title = "Persistence of triclocarban and triclosan in soils after land application of biosolids and bioaccumulation in Eisenia foetida",
abstract = "The presence of the antimicrobial chemicals triclocarban (TCC) and triclosan (TCS) in municipal biosolids has raised concerns about the potential impacts of these chemicals on soil ecosystems following land application of municipal biosolids. The relative persistence of TCC and TCS in agricultural fields receiving yearly applications of biosolids at six different loading rates over a three-year period was investigated. Soil and biosolids samples were collected, extracted, and analyzed for TCC and TCS using liquid chromatography-tandem mass spectrometry. In addition, the potential for bioaccumulation of TCC and TCS from the biosolids-amended soils was assessed over 28 d in the earthworm Eisenia foetida. Standard 28-d bioaccumulation tests were conducted for three biosolids loading rates from two sites, representing agronomic and twice the agronomic rates of biosolids application plots as well as control plots receiving no applications of biosolids. Additional bioaccumulation kinetic data were collected for the soils receiving the high biosolids loadings to ensure attainment of quasi steady-state conditions. The results indicate that TCC is relatively more persistent in biosolids-amended soil than TCS. In addition, TCC bioaccumulated in E. foetida, reaching body burdens of 25±4 and 133±17ng/gww in worms exposed for 28 d to the two soils amended with biosolids at agronomic rates. The 28-d organic carbon and lipid-normalized biota soil accumulation factors (BSAFs) were calculated for TCC and ranged from 0.22±0.12 to 0.71±0.13. These findings suggest that TCC bioaccumulation is somewhat consistent with the traditional hydrophobic organic contaminant (HOC) partitioning paradigm. However, these data also suggest substantially reduced bioavailability of TCC in biosolids-amended soils compared with HOC partitioning theory. Environ. Toxicol. Chem. 2011; 30:556-563. {\circledC} 2011 SETAC",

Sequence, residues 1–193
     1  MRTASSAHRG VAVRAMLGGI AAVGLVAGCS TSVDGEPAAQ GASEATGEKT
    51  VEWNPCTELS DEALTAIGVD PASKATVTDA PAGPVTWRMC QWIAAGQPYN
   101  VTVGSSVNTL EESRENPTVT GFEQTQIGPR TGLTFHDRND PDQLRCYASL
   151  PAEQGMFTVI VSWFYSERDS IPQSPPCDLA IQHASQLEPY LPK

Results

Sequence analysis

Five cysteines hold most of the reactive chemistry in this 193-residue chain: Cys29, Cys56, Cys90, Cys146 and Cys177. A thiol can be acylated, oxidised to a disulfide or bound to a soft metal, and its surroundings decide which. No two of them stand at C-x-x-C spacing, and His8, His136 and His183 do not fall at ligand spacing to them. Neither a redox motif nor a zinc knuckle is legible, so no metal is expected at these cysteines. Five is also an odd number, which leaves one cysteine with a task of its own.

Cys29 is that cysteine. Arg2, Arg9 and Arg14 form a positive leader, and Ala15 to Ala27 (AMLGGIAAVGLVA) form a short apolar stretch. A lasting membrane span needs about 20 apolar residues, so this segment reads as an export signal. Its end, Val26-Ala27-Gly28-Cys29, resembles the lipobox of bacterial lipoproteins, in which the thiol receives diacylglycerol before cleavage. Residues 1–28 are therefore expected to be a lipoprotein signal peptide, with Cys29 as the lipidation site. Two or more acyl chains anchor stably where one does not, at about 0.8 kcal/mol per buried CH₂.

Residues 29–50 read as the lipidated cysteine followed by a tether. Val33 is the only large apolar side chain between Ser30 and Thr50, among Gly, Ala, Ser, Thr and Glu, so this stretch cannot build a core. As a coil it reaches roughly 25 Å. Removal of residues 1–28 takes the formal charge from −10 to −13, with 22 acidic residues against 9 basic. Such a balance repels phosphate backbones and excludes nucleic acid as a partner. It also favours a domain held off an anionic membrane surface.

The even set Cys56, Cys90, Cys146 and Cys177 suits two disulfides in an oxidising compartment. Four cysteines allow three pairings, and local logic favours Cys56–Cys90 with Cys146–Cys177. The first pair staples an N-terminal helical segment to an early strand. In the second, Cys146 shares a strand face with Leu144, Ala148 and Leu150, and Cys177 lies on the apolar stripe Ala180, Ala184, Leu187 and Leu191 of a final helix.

keywords = "Antimicrobials, Bioaccumulation, Biosolids, Earthworm, Persistence",
author = "Higgins, {Christopher P.} and Paesani, {Zachary J.} and {Abbott Chalew}, {Talia E.} and Rolf Halden and Hundal, {Lakhwinder S.}",
year = "2011",
month = "3",
doi = "10.1002/etc.416",
language = "English (US)",
volume = "30",
pages = "556--563",
journal = "Environmental Toxicology and Chemistry",
issn = "0730-7268",
publisher = "John Wiley and Sons Ltd",
number = "3",

}

TY - JOUR

T1 - Persistence of triclocarban and triclosan in soils after land application of biosolids and bioaccumulation in Eisenia foetida

AU - Higgins, Christopher P.

AU - Paesani, Zachary J.

AU - Abbott Chalew, Talia E.

AU - Halden, Rolf

AU - Hundal, Lakhwinder S.

PY - 2011/3

Y1 - 2011/3